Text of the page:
Our last addition has been the fact of singing western rock/metal music in Arabic/Darija (Moroccan dialect) which is not very popular for this genre of music in the whole Arabic world. Most rock/metal bands still sing in English, although it is becoming more common to see an indie/alternative movement in the middle east singing in local Arabic. For us, the switch to Arabic was inspired by Ville Leppanen, from UK label The Animal Farm who convinced us to give it a try. After translating the first song we realized that it sounded much more personal, has much more of our identity and gave us the missing link between the two worlds.

5. What have you released so far and what can someone expect from your works?

Our first release was a 4 track EP recorded by producer Steve Albini (Nirvana, Pixies). Since then, we have released 5 LP albums in English from 2009 to 2021. This year, since we started singing in Arabic, we have released 3 singles so far which have been very well received by local & international press & fans.

We have also created new original instruments that define our sound and image. Our guitarist plays a double neck custom-made guitar: The Guitaroud. One neck is a 6 string guitar and another one is a 12 string Oud. Some of our riffs are played with a distorted Oud. Our bassist has a custom-made bass we call the Bassentir which has 2 bass strings and 3 Guembri strings. Our drummer replaced one tom with a Darbuka, but also added a Tbal (Moroccan tribal drum) and a Bendir to his drum kit. All these added to the fact of singing rock songs in Arabic makes our musical identity. What can someone expect? Well, power with oriental spice.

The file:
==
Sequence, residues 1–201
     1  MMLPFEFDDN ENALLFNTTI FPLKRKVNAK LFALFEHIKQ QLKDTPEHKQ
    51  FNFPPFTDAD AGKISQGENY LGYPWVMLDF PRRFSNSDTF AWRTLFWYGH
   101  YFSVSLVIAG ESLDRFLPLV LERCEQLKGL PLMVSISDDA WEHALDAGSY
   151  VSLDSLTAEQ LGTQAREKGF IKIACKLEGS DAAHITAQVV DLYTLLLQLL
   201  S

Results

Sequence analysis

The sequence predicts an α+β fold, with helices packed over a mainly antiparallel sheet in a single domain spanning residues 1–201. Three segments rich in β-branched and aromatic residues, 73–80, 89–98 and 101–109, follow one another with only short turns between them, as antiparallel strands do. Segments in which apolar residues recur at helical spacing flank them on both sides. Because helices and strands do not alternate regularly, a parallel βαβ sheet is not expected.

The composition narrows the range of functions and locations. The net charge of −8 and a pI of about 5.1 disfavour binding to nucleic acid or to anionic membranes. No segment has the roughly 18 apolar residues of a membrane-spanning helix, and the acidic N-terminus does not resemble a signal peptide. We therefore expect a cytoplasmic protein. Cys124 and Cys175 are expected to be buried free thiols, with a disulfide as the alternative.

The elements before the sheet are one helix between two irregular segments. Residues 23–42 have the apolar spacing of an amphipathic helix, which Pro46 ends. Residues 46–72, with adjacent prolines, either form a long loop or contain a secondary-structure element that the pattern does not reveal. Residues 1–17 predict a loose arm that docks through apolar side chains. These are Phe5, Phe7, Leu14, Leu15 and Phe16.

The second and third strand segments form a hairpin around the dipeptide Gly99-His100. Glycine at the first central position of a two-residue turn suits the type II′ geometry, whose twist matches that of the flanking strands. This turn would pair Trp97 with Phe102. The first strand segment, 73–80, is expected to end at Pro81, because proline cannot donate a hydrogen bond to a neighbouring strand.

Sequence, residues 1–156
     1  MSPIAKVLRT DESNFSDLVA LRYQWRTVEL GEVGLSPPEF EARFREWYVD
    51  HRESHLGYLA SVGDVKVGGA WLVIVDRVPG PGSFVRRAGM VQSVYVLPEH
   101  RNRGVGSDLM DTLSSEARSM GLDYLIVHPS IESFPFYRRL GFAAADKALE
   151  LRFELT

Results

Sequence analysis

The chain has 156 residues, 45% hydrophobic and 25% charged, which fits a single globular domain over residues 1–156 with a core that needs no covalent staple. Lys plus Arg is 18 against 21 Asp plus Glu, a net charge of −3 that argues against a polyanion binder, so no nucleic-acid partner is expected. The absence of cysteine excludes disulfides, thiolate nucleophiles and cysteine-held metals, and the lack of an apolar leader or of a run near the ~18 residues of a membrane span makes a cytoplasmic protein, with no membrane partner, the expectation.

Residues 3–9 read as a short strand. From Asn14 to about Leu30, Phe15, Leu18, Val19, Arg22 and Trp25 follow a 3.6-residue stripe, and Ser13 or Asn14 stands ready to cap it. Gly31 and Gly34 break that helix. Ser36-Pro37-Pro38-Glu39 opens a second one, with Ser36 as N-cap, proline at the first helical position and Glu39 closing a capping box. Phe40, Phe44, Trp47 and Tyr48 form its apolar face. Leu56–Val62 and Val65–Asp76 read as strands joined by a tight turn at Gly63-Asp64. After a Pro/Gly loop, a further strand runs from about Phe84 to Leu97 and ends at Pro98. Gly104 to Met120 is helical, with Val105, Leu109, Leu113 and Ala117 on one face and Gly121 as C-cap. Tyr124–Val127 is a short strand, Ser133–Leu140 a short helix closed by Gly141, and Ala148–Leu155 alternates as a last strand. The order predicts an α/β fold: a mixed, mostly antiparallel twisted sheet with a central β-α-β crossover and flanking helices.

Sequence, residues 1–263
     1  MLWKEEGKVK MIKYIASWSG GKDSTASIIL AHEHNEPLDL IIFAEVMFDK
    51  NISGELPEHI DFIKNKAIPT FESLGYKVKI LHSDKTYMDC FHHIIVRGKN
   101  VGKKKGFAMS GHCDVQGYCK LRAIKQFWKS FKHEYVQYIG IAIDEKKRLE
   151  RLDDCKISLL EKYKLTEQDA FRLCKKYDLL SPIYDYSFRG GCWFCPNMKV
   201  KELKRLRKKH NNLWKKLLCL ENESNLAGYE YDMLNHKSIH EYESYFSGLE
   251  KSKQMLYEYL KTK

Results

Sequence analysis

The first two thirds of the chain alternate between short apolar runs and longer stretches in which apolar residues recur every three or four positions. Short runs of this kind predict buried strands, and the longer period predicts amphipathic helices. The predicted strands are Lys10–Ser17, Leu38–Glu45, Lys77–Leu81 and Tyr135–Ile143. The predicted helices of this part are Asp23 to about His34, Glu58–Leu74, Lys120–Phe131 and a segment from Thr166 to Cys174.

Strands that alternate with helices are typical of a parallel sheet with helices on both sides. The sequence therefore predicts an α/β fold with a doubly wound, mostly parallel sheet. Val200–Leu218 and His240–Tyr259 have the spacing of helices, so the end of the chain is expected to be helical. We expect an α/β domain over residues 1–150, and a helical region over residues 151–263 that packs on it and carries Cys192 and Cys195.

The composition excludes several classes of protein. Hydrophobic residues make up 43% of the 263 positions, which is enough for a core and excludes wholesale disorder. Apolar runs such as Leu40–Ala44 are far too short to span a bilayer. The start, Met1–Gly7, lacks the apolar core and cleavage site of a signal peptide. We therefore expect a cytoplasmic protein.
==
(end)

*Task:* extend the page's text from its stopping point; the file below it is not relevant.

6. Do you have any new music in the works?

Right now, we have been re-recording some of our previous English songs to Arabic. We will be releasing them during this year and the next. Singing them now in our language, we have realized they have taken a new dimension that we want to share with everyone. Our fans describe the new versions as more emotional.

We have also started writing new material in Arabic.

7. How about playing shows and touring, have anything planned out?

This week we were supposed to play at L'Boulevard festival, with Decapitated (Poland) and Tinariwen (Mali) among others. But sadly, our country has been severely hit by a terrible earthquake that took many lives in the southern part of Marrakech. During these hard times, we feel so blessed by the help all these villages are getting, not only from our fellow Moroccans but from people all around the world. Anyone reading this and want to help, please visit the Moroccan earthquake relief fund.

We postponed every gig we had for this month as a respect to all the families mourning their losses

We have some shows in October in Europe, Luxembourg, Belgium, France, Germany & also the UK.

8. What plans do you have for the future as a band?

We want to bring our Arabic rock to as many music lovers as possible, by touring as much as we can. We will also be alternating new releases with previous translated songs during the next 12 months. We will explore new ways of developing this new universe of oriental/occidental crossroad. We are in talk with some festivals across Europe for 2024 that will help us reach a bigger audience.

9. Where can we listen to your band and where can we buy your stuff?

Here are some links to our social networks and music



Official Website:

10. What is it you’d like a listener to remember the most when hearing your music for the first time?

We know it is hard for someone who is used to listening to rock in English to hear it in a different language. We've been through that. Just give it a try with an open-minded ear and our music will grow on you. And if you are not 100% convinced, come to our show and we will blow your mind